BY AMY REID
MADISON, Wis. — State lawmakers took no action in a special session on police reform on Monday, despite calls from Black lawmakers and community leaders asking for change.
Only a few people were there to see the Assembly gavel into the special session before recessing until Thursday, a move that took less than 30 seconds.
Majority leader Rep. Jim Steineke, R-Kaukana, said the bills lawmakers would have looked at will be part of the discussion in the speaker’s task force on the issue.
“I think now more than ever is the time we need to start lowering the temperature of the state,” Steineke said. “We need to start bringing people together and try to find some common ground on solutions to lead us forward.”
Before the session started, community leaders and the state’s Black Legislative Caucus told reporters the time for listening is done, and now it’s time for action.
“The blame for Jacob Blake’s shooting does not fall at the hands of just this one officer,” said Rep. Sheila Stubbs, D-Madison. “Let me be clear: That day our community was failed by leaders’ inaction. Our leaders have long overlooked the systemic injustices in our policing system. They failed us.”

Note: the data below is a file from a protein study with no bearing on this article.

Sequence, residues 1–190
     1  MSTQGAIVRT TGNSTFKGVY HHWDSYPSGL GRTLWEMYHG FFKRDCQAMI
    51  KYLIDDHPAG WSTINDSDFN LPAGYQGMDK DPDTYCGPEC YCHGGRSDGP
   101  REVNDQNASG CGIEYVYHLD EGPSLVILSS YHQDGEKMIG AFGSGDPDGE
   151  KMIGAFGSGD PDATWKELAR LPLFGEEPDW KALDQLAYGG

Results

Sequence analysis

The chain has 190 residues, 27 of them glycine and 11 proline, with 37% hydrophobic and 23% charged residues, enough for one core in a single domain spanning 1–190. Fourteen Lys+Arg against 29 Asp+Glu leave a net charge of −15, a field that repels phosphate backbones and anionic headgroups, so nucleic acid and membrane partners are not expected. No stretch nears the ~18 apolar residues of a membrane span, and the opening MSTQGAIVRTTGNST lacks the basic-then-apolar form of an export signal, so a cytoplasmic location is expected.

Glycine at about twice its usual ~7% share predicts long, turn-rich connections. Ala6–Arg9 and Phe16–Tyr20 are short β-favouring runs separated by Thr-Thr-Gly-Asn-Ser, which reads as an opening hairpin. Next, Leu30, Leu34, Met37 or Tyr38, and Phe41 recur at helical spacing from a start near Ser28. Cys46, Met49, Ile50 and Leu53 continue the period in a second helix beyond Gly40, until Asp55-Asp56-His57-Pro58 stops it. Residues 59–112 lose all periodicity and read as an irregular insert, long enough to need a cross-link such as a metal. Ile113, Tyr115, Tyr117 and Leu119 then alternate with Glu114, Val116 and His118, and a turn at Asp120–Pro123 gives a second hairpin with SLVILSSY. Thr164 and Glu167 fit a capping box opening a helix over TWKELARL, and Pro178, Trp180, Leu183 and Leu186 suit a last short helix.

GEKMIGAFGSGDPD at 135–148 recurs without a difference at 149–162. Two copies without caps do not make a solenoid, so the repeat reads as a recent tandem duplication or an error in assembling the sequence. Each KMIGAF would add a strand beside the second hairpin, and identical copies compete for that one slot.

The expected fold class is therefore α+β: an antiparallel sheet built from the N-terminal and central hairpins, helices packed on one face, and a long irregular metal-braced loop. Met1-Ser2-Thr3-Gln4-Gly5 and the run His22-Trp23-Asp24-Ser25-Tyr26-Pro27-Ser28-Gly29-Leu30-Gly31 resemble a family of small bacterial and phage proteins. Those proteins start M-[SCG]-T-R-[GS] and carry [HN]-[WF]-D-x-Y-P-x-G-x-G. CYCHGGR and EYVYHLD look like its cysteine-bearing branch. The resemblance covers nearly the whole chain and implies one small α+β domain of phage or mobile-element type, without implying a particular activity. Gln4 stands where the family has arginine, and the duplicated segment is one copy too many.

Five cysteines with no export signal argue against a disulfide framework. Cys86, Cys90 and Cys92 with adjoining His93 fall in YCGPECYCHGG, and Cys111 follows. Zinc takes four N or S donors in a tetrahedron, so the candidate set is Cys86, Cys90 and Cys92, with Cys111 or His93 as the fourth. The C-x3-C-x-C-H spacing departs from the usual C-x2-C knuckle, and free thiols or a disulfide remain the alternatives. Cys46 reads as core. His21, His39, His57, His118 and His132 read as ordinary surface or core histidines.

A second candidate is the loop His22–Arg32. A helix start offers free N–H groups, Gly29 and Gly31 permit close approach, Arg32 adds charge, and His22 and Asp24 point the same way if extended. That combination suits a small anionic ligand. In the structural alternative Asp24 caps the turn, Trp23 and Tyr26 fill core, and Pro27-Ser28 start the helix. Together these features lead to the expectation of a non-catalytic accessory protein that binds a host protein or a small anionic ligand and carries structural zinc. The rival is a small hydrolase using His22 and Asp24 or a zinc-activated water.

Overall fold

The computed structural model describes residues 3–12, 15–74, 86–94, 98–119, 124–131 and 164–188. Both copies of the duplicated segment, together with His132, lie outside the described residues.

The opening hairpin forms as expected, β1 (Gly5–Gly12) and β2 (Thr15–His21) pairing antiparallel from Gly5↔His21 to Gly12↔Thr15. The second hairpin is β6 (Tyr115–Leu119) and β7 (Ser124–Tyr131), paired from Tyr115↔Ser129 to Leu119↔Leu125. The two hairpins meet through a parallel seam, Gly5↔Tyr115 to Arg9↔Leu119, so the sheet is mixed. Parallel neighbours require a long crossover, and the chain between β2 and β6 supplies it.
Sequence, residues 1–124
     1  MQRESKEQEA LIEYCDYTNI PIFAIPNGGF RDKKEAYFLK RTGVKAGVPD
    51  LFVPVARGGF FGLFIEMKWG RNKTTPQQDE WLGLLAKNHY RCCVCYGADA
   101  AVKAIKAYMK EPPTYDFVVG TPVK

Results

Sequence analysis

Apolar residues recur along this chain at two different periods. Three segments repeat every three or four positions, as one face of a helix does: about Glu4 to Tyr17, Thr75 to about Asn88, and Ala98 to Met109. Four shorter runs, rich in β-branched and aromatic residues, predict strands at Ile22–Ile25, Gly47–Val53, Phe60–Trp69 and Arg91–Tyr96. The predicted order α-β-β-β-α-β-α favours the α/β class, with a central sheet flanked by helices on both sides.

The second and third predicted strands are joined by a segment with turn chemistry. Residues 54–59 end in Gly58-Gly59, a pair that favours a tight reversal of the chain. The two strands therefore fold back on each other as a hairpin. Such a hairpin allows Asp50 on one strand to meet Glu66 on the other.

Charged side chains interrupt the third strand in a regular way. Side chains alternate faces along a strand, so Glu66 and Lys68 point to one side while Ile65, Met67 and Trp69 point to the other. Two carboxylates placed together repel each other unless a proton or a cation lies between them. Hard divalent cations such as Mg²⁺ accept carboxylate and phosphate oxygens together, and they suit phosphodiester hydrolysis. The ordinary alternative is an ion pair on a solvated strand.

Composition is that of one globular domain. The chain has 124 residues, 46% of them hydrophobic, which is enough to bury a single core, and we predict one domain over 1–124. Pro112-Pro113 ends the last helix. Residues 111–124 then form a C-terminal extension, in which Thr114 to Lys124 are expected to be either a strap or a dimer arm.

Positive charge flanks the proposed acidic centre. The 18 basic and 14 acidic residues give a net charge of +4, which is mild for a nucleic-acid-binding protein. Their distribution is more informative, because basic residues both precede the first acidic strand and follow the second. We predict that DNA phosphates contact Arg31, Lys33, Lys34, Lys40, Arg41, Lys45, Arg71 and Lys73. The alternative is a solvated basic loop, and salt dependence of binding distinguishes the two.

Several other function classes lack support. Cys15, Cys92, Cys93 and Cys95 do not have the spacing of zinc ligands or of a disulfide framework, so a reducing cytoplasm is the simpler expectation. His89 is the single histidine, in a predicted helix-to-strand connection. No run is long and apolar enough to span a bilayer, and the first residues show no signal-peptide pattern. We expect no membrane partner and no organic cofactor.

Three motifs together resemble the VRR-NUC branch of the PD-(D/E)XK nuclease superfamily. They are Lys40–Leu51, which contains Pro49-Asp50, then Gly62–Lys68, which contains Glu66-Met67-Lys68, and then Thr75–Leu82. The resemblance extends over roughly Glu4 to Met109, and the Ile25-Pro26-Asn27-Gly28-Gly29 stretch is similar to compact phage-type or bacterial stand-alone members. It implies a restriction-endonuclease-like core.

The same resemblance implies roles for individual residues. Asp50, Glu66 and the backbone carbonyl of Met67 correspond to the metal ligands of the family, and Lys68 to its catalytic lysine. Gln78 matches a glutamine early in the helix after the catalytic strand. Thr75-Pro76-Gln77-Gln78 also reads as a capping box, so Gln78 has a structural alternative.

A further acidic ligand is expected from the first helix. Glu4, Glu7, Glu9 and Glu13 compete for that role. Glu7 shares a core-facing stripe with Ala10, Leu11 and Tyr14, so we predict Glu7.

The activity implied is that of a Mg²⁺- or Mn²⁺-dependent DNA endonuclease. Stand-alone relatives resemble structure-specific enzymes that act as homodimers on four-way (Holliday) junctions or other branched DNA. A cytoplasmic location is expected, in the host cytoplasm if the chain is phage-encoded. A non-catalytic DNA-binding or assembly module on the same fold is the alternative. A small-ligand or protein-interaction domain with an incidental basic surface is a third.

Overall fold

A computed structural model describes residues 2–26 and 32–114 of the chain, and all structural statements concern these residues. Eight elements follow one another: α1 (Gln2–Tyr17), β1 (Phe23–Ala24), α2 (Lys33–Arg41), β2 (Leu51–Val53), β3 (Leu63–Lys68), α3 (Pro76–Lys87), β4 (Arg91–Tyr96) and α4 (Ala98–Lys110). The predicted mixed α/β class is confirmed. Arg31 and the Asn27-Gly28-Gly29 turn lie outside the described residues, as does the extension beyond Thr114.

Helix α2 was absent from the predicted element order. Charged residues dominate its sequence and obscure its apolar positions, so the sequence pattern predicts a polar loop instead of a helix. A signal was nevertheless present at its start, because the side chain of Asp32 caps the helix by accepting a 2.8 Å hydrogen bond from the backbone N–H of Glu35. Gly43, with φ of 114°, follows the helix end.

The bills Evers asked the legislature to take up would have banned no-knock warrants and chokeholds, and they would have created statewide use-of-force standards, among other things.
Disparities in the state go beyond criminal justice, and those speaking for change said failing to address that fails the state as a whole.
“When you leave people without resources,” said Brandi Grayson, the CEO of Urban Triage, “when you leave people without hope, when you leave people without opportunity, when you remind people daily that their lives don’t matter, when you remind them every single second that they are considered to be inferior, when you remind them they are less than, guess what you will get.”
Steineke said he hopes to tackle more than what these bills address when the task force puts together its suggestions, which he’s expecting them to have by the start of the next session in early January.
Steineke, who is white, said he wants to bring in Black leaders from the faith community, Boys and Girls Club branches and the legislature to be on the task force, but he wants to focus on having people from “all different walks of life” participate.